For the first time, a massive data set of 10,000 porn stars has been extracted from the world’s largest database of adult films and performers. I’ve spent the last six months analyzing it to discover the truth about what the average performer looks like, what they do on film, and how their role has evolved over the last forty years.
The average male and female performer are the same height as the average American man and woman: 5’10″ and 5’5″ respectively. However, porn stars are quite a bit lighter. At 117 lbs, the average female performer is a considerable 48 lbs under the national average for women, and the average male, at 167.5 lbs, weighs 27 lbs less than the national average for men. So, just how were these porn stars’ weights determined when they were typed, probably with one hand, into the database?
The Internet Adult Film Database’s data is culled from various sources, including performers’ modelling profiles and the information they give during interviews in the porn films themselves. So presumably at some point the heaviest woman in my sample, who weighs 719 lbs (about the same as two giant pandas), and the lightest woman, who weighs 10 times less, at 74 lbs (the same as the average American 10-year-old girl), mentioned their weights, and an owl-eared fan heard them and rushed to the database to pop them in.
Excerpt from a study by Jon Millward. Continue HERE
Mark Ames: Until now, I have largely avoided getting dragged down into the gun control debate, in part because gun proliferation doesn’t explain why “going postal” first exploded into the culture in the late 1980s, and has worked its way into the American DNA ever since. Gun control or lack thereof doesn’t explain why these kinds of rampage shootings only appeared in the late Reagan era and spread ever since then. And there must have been my own personal prejudices too — I grew up with guns, and despite a couple of bad episodes involving guns and a drunken violent stepfather, I have a reflexive contempt for people who haven’t gone shooting and tell you that gun control laws are the answer.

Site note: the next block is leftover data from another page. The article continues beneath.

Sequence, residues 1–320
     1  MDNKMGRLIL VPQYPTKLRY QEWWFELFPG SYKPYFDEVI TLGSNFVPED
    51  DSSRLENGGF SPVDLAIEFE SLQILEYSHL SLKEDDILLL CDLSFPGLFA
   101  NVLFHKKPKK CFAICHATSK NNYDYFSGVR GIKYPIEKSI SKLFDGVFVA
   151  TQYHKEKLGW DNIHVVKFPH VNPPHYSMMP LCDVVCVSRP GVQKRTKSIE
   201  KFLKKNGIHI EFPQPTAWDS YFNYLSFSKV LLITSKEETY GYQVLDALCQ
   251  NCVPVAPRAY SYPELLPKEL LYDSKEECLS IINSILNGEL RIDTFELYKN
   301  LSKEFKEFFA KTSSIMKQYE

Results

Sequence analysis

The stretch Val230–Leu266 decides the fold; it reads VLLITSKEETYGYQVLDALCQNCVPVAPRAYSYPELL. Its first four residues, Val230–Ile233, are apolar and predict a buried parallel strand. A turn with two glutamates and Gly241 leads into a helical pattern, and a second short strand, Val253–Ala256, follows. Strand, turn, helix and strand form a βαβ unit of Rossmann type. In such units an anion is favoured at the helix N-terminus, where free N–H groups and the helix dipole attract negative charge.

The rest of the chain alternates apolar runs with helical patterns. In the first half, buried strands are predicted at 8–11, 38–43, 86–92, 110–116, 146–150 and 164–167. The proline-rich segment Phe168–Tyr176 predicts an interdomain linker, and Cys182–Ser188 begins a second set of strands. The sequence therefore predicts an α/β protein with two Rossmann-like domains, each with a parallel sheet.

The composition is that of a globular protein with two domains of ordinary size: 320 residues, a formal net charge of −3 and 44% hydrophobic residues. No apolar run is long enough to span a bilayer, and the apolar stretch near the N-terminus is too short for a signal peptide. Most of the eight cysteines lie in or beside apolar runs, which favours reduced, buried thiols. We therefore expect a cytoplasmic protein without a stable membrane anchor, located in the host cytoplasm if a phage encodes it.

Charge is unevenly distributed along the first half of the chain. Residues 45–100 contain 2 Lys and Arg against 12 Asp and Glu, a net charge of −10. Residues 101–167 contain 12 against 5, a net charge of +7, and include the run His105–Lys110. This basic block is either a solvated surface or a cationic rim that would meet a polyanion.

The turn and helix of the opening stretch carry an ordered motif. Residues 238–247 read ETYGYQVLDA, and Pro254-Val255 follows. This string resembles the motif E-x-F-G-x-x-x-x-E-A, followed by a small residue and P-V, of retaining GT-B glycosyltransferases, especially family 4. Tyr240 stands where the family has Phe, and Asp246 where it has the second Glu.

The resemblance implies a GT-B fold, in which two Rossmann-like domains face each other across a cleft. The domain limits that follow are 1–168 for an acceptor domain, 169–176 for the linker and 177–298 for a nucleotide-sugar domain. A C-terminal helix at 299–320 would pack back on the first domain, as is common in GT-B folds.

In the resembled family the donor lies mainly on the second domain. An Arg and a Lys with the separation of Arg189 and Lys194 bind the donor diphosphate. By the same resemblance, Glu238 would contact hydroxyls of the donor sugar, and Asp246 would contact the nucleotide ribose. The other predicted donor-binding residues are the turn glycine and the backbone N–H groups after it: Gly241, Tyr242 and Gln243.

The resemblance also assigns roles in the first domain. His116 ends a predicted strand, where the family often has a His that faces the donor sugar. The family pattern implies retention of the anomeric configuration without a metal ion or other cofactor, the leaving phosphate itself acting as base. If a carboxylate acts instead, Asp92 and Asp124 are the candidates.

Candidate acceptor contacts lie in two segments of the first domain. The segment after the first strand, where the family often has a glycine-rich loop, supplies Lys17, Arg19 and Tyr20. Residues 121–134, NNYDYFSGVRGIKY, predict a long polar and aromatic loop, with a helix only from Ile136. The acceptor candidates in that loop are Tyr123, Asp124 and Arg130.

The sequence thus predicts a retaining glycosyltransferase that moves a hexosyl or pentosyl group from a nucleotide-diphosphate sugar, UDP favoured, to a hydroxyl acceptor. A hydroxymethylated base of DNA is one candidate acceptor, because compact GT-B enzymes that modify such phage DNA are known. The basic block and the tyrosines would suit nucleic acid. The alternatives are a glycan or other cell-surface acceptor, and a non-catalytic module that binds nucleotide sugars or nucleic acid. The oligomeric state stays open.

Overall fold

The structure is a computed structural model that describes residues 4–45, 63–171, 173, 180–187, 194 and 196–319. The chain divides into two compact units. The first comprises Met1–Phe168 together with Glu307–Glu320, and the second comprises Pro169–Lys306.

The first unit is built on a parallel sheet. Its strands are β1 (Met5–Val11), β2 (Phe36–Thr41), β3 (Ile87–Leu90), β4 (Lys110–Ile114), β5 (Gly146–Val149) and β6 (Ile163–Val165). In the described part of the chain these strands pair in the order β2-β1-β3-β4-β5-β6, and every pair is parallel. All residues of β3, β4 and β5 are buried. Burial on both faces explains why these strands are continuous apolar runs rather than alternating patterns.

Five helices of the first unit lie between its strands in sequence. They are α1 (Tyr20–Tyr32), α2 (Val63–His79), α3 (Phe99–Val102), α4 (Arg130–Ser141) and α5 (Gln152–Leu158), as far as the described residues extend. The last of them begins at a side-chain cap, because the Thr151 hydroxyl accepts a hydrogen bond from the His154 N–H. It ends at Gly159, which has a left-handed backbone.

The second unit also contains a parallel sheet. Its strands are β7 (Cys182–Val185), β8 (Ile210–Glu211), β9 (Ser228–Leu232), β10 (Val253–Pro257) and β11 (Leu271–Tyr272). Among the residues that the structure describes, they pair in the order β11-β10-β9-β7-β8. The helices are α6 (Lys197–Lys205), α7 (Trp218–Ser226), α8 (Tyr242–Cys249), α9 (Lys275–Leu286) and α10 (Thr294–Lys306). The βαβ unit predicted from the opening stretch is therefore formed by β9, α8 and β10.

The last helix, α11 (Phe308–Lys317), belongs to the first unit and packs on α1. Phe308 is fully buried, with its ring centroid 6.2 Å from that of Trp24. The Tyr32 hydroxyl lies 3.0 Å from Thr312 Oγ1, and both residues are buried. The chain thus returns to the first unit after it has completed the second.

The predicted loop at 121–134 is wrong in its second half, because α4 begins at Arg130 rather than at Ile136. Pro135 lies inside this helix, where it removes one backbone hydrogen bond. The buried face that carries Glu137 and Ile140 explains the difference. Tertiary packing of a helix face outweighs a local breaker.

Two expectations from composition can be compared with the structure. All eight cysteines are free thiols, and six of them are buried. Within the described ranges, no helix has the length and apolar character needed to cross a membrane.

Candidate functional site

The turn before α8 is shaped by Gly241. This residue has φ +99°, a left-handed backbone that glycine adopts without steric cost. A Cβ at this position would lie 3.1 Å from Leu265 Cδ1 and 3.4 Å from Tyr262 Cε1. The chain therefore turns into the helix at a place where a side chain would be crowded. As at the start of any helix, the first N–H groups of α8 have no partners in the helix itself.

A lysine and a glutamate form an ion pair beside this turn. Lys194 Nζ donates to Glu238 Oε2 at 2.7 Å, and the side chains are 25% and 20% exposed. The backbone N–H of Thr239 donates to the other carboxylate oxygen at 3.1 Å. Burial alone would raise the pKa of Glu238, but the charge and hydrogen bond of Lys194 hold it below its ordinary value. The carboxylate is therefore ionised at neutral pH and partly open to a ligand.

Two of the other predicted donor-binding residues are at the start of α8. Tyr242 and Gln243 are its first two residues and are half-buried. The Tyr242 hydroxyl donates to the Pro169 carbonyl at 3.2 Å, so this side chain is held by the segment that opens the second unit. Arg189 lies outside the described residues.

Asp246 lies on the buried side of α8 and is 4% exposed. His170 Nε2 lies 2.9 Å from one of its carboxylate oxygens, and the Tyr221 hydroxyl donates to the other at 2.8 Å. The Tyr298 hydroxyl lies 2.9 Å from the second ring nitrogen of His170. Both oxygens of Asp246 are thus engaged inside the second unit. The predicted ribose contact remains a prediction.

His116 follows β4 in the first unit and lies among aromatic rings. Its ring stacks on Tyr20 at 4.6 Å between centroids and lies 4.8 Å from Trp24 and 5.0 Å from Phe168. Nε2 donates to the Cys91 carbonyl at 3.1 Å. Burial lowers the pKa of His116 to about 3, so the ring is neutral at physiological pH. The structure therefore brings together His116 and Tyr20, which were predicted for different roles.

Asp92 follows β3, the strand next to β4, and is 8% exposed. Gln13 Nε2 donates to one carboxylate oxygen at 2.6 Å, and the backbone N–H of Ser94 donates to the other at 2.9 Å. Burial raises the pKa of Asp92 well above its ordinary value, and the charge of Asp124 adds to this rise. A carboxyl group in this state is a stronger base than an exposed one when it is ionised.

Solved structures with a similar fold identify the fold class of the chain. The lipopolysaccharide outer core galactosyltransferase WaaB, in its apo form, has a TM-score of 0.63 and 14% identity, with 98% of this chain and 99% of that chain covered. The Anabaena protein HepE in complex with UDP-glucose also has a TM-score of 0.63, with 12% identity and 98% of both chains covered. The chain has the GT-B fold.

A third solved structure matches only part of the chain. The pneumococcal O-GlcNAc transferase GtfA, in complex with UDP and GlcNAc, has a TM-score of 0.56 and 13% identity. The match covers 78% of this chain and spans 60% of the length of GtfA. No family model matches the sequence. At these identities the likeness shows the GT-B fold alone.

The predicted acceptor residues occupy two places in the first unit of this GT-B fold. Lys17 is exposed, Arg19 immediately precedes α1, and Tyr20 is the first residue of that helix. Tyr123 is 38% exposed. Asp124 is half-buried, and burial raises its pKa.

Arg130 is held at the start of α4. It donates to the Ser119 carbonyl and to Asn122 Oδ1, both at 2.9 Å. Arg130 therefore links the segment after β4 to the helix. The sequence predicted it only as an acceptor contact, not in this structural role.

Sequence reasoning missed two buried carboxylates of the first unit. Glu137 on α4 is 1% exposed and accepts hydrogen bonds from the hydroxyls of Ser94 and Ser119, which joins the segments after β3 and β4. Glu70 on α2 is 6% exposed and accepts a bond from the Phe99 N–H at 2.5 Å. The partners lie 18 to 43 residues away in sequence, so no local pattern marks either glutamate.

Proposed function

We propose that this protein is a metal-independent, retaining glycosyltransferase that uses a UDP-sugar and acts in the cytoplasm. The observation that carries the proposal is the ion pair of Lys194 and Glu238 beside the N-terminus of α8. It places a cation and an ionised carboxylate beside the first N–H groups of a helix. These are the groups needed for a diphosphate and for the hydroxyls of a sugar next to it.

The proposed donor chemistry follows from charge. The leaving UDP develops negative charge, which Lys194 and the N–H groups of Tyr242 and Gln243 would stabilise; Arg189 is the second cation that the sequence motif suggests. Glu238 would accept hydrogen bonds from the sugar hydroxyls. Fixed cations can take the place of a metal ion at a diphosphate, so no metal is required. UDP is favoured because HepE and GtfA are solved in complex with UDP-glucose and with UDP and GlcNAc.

Well, guess what? Their knee-jerk solution is more right than mine.
Passing gun restrictions today probably wouldn’t do much to slow down rampage massacres, at least not for awhile — but the politics of sweeping gun control laws could have a huge transformative effect over time. It’s no longer impossible for me to ignore that fact.
Which means it’s also no longer possible for me to ignore the National Rifle Association, and its hick fascism politics that’ve been poisoning our culture ever since the NRA’s infamous “coup” in 1977, when the NRA was taken over by far-right fanatics led by a convicted murderer and onetime US Border Guards chief named Harlon Carter — whose previous claim to fame was when he led a massive crackdown on Mexican immigrant laborers called “Operation Wetback.” That’s not a typo by the way.
Excerpt from an article written by Mark Ames at NSFWCorp. Continue HERE
Using genetic analyses, scientists have discovered that Northern European populations—including British, Scandinavians, French, and some Eastern Europeans—descend from a mixture of two very different ancestral populations, and one of these populations is related to Native Americans. This discovery helps fill gaps in scientific understanding of both Native American and Northern European ancestry, while providing an explanation for some genetic similarities among what would otherwise seem to be very divergent groups. This research was published in the November 2012 issue of the Genetics Society of America’s journal Genetics.
Text and Image via Archaeology News Network. Continue HERE
ZIP codes have been around for less than fifty years. In addition to allowing future historians to ascertain that the television show “Beverly Hills 90210″ must have been created no earlier than 1963, ZIP codes have become part of our culture, organizing our locations and determining the flow of mail.
But ZIP codes are not created randomly. There is an order and a structure to this mail system. Let’s use this nearly-fifty-year anniversary as an opportunity to examine the quantitative aspects of ZIP codes.
One quick way to look at ZIP codes is by seeing how each part of a ZIP code defines a part of our country. Ben Fry, of Fathom, created a simple visualization called zipdecode to do just this. As you type each successive digit of a ZIP code and see what regions of the United States it describes. For example, if you’re typing in 64110 (Kansas City), you can see what parts of the United States begin with ‘6’.
Text by Samuel Arbesman on WIRED. Continue HERE